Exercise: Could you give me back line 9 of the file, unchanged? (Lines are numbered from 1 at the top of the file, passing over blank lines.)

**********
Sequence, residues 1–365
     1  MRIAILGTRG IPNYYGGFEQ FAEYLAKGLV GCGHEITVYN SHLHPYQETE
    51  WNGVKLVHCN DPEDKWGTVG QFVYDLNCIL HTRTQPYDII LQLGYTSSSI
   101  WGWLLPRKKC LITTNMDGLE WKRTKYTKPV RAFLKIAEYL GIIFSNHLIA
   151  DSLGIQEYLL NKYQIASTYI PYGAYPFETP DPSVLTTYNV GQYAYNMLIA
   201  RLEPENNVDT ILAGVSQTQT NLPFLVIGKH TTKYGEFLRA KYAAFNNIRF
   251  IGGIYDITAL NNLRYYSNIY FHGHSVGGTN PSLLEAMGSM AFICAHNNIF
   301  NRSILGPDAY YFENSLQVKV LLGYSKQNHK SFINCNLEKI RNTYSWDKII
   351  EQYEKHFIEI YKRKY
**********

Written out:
   351  EQYEKHFIEI YKRKY